It’s one thing to deal with opening-night nerves when you’re a performer, but when you’re sitting in the audience as someone else performs your work, it is another scenario altogether.

Singer-songwriter Kate Miller-Heidke and her musical collaborator husband Keir Nuttall spent much of the opening night of Muriel’s Wedding The Musical watching their fellow audience members’ reactions to the 21 original songs they wrote for the show as it was being performed on stage before them.

It is fair to say they were overwhelmed by what they saw.

“We know that we love the show and we love the characters, but to see them come to life in a way that’s so clearly affecting people in the crowd is such a thrilling thing, and the reactions to the songs have been particularly gratifying,” says Miller-Heidke.

“It’s a particular favourite of ours to watch people cry during our ballads,” adds Nuttall.

Most people of a certain age would be familiar with the story of Muriel Heslop, who moves to Sydney to escape her miserable existence in the delightfully named Porpoise Spit where her so-called friends despise her and her philandering father leads her mother to a nervous breakdown. Muriel uses the music of ABBA to escape the reality of her life, and dreams of one day having a big, white wedding.

When Miller-Heidke and Nuttall were approached to work on the musical adaptation they didn’t think twice.

“It was during the Sydney season of The Rabbits [the 2016 Sydney Festival production Miller-Heidke co-wrote and starred in], and instantly we knew it was a dream project. I really, really wanted it badly,” says the ARIA nominated former opera-singer-turned-pop-star-turned-actress.

While musical adaptations of cult Australian films haven’t always fared well, it seems the hype preceding the stage adaptation of PJ Hogan’s beloved 1994 film is justified; everyone from reviewers to audience members have been enthusiastic.

A key part of its success has been the impressive cast and crew, some of whom have been working on the production almost two years. A BAFTA award-nominated screenwriter, Hogan found success with The Dressmaker and My Best Friend’s Wedding, among others, and agreed to the stage adaptation on the condition he could transport Muriel to 2017. He was convinced her character would have been social-media devotee.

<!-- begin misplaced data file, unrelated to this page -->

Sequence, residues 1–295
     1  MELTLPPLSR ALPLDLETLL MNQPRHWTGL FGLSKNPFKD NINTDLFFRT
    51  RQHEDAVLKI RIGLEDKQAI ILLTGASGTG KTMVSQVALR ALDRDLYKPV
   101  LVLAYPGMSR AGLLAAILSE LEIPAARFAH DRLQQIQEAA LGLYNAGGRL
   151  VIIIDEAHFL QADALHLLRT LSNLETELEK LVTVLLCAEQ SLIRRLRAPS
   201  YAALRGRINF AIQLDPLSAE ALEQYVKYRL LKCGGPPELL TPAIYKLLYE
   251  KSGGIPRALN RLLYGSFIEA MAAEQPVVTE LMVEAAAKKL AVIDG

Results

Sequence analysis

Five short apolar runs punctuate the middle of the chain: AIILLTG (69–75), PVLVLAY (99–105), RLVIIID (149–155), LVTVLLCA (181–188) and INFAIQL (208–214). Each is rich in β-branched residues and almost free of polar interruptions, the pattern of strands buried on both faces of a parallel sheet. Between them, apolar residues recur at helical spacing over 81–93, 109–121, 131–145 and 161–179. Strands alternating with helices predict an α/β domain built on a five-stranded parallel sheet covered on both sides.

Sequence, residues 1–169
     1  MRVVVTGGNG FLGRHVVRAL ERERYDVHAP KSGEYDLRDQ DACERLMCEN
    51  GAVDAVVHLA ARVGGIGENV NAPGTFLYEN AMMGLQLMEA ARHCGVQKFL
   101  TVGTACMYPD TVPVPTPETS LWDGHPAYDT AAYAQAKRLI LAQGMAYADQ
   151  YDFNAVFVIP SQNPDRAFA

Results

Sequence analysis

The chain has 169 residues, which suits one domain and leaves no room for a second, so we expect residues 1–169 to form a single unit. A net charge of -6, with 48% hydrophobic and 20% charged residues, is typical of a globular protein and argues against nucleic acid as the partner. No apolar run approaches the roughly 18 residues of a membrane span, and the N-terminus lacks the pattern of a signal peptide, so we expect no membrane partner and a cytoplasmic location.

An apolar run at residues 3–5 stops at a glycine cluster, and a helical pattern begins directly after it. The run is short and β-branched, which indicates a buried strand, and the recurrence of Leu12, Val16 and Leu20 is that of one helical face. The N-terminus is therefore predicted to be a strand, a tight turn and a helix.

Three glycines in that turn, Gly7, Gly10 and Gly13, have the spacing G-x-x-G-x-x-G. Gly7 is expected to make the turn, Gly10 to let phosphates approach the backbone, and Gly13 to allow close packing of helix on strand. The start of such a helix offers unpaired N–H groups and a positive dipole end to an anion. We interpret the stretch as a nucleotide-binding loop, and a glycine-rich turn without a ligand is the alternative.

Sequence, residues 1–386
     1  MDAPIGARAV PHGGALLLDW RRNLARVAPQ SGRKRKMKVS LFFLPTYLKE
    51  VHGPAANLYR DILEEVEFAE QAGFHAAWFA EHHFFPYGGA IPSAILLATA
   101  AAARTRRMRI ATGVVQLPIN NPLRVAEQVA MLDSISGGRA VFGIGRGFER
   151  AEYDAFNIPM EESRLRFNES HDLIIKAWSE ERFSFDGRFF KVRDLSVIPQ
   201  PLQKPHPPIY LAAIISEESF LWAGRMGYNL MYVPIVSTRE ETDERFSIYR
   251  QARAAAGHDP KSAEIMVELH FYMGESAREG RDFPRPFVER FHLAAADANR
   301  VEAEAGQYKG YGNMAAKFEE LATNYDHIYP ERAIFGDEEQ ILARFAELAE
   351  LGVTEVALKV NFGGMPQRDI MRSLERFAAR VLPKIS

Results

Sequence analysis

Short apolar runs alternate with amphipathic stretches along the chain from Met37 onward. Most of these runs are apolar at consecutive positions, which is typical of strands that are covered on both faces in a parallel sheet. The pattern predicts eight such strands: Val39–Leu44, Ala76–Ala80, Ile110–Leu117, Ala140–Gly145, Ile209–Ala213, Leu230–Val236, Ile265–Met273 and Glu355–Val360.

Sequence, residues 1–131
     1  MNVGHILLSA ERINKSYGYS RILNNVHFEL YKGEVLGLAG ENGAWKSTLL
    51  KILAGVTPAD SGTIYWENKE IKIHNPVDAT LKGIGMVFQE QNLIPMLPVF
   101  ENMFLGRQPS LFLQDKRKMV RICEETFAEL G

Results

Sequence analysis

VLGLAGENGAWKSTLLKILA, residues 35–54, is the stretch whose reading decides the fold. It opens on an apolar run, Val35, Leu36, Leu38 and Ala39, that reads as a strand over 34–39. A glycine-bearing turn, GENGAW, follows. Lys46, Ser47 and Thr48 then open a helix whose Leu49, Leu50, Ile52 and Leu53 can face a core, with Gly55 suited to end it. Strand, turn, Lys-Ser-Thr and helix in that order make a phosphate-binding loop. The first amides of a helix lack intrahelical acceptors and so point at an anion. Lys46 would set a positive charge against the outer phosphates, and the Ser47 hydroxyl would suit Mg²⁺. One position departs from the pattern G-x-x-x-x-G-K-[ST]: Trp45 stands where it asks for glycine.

Theatre heavyweight Simon Phillips (Melbourne Theatre Company’s former artistic director) directs; multi-award-winning designer Gabriela Tylesova is responsible for the sets and costumes; and the cast includes veteran actors Justine Clarke, Helen Dallimore and Gary Sweet, and newcomer Maggie McKenna who rightly steals the show – and the bouquet – as Muriel.

But a musical is only as good as its songs and Miller-Heidke and Nuttall’s score is a highlight. The pair workshops ideas around what Miller-Heidke refers to as ‘the ABBA problem’, ultimately setting their music and textures in direct contrast to the dreamy, nostalgic musical space in which ABBA’s music is performed. “Our music is firmly rooted in a very modern pop-music aesthetic,” she says.

Were they nervous about being compared to such a famous band? “Having any song compared to Waterloo is obviously a bit intimidating, and no one has said our music sucks next to ABBA, which is incredible,” says Nuttall.

Like the film and the stage adaptation, the music is unashamedly Australian, liberally sprinkled with lyrics that reference cricket, burger rings and boobs. And this is partly the reason for its success.

“I think people seem to be noticing how unapologetically Australian it is; and that they’ve never seen a musical that doesn’t shy away from the vernacular. To see themselves reflected back in musical form is fairly rare,” says Miller-Heidke. “But the characters and the story – ultimately that’s the ace card.”

In addition to spending the past couple of years working on Muriel’s Wedding and raising her now-17-month-old son Ernie, Miller-Heidke has been performing a suite of her songs with state symphony orchestras, earning the 2017 Helpmann Award for best Australian contemporary concert.

She has recently announced a series of regional, metro and festival shows for 2018, accompanied by a string quartet. She’ll perform songs from The Rabbits and hopefully one or two numbers from Muriel’s Wedding.

Muriel’s Wedding the Musical will play at the Roslyn Packer Theatre, Walsh Bay until January 27.

sydneytheatre.com.au

For Kate Miller-Heidke’s 2018 summer tour dates visit katemillerheidke.com